The top stories on Monday’s newsletter from the Bloomfield Info Project concerned registration and sponsorship for the recreation department’s golf outing next month. Next up was word that Essex County is accepting submissions for a senior citizen art show.
In fewer than 400 words, it continued with information on a library book club, children’s dance classes, job interviews at a nearby medical center, and New Jersey’s extension of a deadline to apply for rental assistance.
Simon Galperin, the Bloomfield resident who launched the nonprofit Bloomfield Info Project in early 2020, sees the newsletter as the first step in rebuilding local news in the wake of the internet’s decimation of local newspaper advertising, and of the weakening of local community in the face of the polarizing nature of social media.
It’s not just his dream. Funders such as the Morristown-based Geraldine R. Dodge Foundation have bought into it. And as a John S. Knight Journalism fellow at Stanford University (conducted mostly remotely), he has a community of professional colleagues helping him chart his course.
Mr. Galperin, 32, grew up in Fair Lawn, a dozen miles north of Bloomfield, but he was born in Moscow to parents from Ukraine. His mother, Irene Galperin, converted to Judaism. His father, Yefim Galperin, is the child of parents separated when the Nazis invaded. His grandmother fled to Kazakhstan. His grandfather, a Soviet soldier, was a prisoner of war who escaped the Nazi prison camp when they discovered he was Jewish and then lived out the war under a different name. Mr. Galperin suspects his father was conceived at their postwar reunion.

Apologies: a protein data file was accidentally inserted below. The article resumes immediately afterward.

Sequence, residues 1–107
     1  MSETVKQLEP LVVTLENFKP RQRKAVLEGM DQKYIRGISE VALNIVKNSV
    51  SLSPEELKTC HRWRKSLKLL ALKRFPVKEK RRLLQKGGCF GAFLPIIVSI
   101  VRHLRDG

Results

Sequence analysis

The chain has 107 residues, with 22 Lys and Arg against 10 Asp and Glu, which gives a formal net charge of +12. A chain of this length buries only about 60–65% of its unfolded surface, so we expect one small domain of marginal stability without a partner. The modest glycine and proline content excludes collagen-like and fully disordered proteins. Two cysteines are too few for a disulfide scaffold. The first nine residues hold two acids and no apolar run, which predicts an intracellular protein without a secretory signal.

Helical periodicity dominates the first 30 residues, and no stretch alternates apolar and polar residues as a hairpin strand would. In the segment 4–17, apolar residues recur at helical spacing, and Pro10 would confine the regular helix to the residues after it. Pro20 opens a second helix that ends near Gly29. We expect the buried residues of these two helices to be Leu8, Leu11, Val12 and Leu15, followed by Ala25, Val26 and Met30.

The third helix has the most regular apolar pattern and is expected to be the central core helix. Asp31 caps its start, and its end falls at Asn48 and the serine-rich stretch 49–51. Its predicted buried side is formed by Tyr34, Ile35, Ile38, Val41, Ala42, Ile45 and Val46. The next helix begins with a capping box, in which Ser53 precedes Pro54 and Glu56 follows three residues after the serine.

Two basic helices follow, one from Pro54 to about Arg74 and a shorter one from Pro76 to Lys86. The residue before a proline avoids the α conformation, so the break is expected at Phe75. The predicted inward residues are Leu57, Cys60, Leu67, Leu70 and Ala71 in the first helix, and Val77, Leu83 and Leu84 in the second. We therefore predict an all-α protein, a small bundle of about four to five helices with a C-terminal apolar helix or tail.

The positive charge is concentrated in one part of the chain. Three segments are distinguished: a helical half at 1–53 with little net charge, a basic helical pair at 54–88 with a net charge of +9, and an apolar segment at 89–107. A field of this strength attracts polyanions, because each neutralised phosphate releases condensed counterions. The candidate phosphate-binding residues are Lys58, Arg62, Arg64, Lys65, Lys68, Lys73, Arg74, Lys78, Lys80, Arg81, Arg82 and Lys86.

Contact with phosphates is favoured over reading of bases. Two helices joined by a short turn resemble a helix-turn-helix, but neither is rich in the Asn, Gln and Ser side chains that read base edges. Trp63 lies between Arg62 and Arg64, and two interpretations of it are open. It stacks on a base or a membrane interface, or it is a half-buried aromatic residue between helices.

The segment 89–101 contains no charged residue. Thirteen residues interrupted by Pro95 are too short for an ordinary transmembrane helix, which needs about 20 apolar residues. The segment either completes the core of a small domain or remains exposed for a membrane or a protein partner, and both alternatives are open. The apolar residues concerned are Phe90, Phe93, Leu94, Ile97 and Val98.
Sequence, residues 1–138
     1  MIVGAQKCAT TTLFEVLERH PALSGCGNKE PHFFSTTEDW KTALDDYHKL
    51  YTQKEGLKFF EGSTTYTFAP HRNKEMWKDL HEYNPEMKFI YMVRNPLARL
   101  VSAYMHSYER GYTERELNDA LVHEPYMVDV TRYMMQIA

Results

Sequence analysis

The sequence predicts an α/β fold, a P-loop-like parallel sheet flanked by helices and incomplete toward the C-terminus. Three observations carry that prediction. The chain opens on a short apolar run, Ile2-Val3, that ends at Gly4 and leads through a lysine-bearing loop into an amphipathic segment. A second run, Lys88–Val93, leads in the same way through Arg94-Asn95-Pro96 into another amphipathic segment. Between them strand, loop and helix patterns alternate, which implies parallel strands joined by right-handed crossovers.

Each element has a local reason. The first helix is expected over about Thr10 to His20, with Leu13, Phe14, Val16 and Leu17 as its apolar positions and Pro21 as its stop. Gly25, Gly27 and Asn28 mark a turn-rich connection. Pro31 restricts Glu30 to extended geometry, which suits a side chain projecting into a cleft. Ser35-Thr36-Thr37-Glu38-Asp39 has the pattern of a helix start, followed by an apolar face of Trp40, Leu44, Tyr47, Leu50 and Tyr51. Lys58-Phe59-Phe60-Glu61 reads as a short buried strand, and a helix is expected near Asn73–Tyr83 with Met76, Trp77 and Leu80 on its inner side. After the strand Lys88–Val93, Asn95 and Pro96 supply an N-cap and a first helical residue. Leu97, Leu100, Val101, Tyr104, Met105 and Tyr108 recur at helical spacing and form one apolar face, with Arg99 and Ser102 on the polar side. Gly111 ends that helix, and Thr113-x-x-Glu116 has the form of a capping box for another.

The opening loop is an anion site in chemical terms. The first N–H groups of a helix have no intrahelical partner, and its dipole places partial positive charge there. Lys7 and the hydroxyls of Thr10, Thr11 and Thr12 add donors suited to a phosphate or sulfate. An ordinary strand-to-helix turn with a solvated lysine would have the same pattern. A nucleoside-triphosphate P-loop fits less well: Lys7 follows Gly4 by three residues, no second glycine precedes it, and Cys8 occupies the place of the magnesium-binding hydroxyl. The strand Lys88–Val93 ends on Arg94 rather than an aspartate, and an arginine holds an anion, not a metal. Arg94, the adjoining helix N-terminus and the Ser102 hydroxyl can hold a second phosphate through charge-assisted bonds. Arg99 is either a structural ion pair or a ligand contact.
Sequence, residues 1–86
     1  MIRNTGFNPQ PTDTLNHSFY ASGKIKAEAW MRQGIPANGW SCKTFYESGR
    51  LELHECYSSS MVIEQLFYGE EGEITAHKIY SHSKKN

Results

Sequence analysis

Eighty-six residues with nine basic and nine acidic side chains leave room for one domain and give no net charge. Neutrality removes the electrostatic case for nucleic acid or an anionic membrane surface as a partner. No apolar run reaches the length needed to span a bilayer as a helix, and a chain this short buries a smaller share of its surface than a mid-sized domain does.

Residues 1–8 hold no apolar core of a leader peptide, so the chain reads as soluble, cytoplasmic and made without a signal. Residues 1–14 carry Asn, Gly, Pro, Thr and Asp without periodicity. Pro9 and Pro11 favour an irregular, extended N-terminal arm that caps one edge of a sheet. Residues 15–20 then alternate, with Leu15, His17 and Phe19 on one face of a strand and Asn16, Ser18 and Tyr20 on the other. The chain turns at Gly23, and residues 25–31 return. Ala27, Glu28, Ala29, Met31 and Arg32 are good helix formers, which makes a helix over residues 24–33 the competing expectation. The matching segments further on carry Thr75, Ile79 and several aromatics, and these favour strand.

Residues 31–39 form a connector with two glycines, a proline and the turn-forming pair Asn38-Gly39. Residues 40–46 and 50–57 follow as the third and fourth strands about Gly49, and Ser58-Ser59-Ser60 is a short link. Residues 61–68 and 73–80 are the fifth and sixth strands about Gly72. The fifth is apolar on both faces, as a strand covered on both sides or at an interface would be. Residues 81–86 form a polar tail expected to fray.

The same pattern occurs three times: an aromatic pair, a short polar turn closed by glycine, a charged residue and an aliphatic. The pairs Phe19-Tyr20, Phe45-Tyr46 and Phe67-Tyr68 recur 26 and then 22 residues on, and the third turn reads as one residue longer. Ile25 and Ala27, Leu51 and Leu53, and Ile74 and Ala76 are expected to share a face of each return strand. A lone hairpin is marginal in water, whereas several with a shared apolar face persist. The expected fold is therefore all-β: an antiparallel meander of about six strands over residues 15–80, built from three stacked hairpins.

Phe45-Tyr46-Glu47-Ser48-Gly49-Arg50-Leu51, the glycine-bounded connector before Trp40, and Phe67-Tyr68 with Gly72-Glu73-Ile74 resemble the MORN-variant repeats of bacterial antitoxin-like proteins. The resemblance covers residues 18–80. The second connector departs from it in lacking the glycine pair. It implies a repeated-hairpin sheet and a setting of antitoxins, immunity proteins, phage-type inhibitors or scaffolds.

His parents moved to America in 1992 “to get the chance to have a better life,” Mr. Galperin said. “It was only after moving to the United States that my father felt he had the freedom of religious expression to explore his Judaism.”
The family initially settled in Brooklyn and then moved to Fair Lawn, where Simon felt “very siloed from my community being a Russian Jewish immigrant. There was a Jewish community and there was a Russian Jewish community there but I never felt like I really fit into any of them” – in part because he lived in a different part of town from most of Fair Lawn’s other immigrants. “We did go to Shomrei Torah for some time when I was a preteen, and I tried again later in my late teens, but I never felt like I really connected with folks in that community.”
He didn’t feel connected until high school, when he found a strong group of friends, dubbed “the Russkies.”
Irene Galperin is a technical designer for fashion companies. (“Some people make sure it looks nice,” Mr. Galerpin explained. “She makes sure it actually fits.”)
Yefim Galperin was a filmmaker in Russia; when Simon was growing up, he worked at WMNB, the Russian television station based in Fort Lee.